Report: Craft distilleries faced with $14,000 in FDA fees for making hand sanitizer
–Reason Magazine reports–
For many American craft distillers, 2020 was already one of their worst years ever. The COVID-19-related closure of tasting rooms and cocktail bars, loss of tourism, and the inability to offer in-store sampling slashed their sales revenue. Then this week, the Food and Drug Administration (FDA) had one more surprise in store: The agency delivered notice to distilleries that had produced hand sanitizer in the early days of the pandemic that they now owe an unexpected fee to the government of more than $14,000.
“I was in literal disbelief when I read it yesterday,” Aaron Bergh of Calwise Spirits in Paso Robles told Reason Magazine. “I had to confirm with my attorney this morning that it’s true.” In March, his local distillery began making hand sanitizer for hospitals, first responders, businesses, and residents.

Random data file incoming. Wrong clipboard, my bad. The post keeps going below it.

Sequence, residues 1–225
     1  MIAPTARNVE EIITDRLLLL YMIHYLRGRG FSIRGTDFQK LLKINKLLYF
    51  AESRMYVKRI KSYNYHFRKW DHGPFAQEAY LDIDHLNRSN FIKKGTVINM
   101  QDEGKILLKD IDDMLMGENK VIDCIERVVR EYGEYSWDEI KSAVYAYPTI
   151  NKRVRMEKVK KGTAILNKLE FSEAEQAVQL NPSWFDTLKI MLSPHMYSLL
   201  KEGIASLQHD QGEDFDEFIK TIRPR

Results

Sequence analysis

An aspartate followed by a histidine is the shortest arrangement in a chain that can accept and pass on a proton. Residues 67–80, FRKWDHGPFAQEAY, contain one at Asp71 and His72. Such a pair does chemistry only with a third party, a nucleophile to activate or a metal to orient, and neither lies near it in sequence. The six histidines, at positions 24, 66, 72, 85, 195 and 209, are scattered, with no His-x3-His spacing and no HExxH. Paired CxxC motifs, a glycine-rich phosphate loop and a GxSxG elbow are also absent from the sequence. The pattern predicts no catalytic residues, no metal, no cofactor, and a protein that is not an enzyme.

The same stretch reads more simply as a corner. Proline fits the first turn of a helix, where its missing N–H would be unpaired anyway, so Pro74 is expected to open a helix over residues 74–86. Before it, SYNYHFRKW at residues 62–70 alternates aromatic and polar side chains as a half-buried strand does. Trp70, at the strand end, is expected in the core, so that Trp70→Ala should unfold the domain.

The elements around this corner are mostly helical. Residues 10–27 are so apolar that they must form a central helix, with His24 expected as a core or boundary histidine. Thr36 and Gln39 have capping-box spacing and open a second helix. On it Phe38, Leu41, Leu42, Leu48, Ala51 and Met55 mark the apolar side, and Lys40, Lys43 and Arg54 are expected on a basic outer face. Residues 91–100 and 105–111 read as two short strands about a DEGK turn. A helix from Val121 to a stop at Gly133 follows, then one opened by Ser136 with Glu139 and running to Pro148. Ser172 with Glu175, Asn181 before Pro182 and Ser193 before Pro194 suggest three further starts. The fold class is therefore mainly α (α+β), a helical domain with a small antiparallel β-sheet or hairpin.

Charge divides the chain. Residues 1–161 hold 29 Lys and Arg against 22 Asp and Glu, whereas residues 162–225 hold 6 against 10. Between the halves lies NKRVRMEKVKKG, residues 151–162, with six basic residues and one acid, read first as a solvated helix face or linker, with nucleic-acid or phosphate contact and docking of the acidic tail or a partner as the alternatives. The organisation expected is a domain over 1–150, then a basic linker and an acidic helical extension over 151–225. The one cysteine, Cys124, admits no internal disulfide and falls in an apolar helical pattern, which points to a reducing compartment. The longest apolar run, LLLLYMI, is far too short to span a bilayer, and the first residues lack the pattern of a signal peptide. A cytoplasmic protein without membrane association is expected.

At issue is a provision of the CARES Act that says distilleries that produced sanitizer have been classified as “over-the-counter drug monograph facilities.” The act also enacted user fees on these facilities to fund the FDA’s regulatory activities. For small distillers, that means ending the year with a surprise bill for $14,060 due on Feb. 11.
Shortly after the news stories broke about the fees, the US Department of Health and Human Services issued a response to address them. “Small businesses who stepped up to fight COVID-19 should be applauded by their government, not taxed for doing so,” said HHS Chief of Staff Brian Harrison on Twitter. “I’m pleased to announce we have directed FDA to cease enforcement of these arbitrary, surprise user fees. Happy New Year, distilleries, and cheers to you for helping keep us safe!”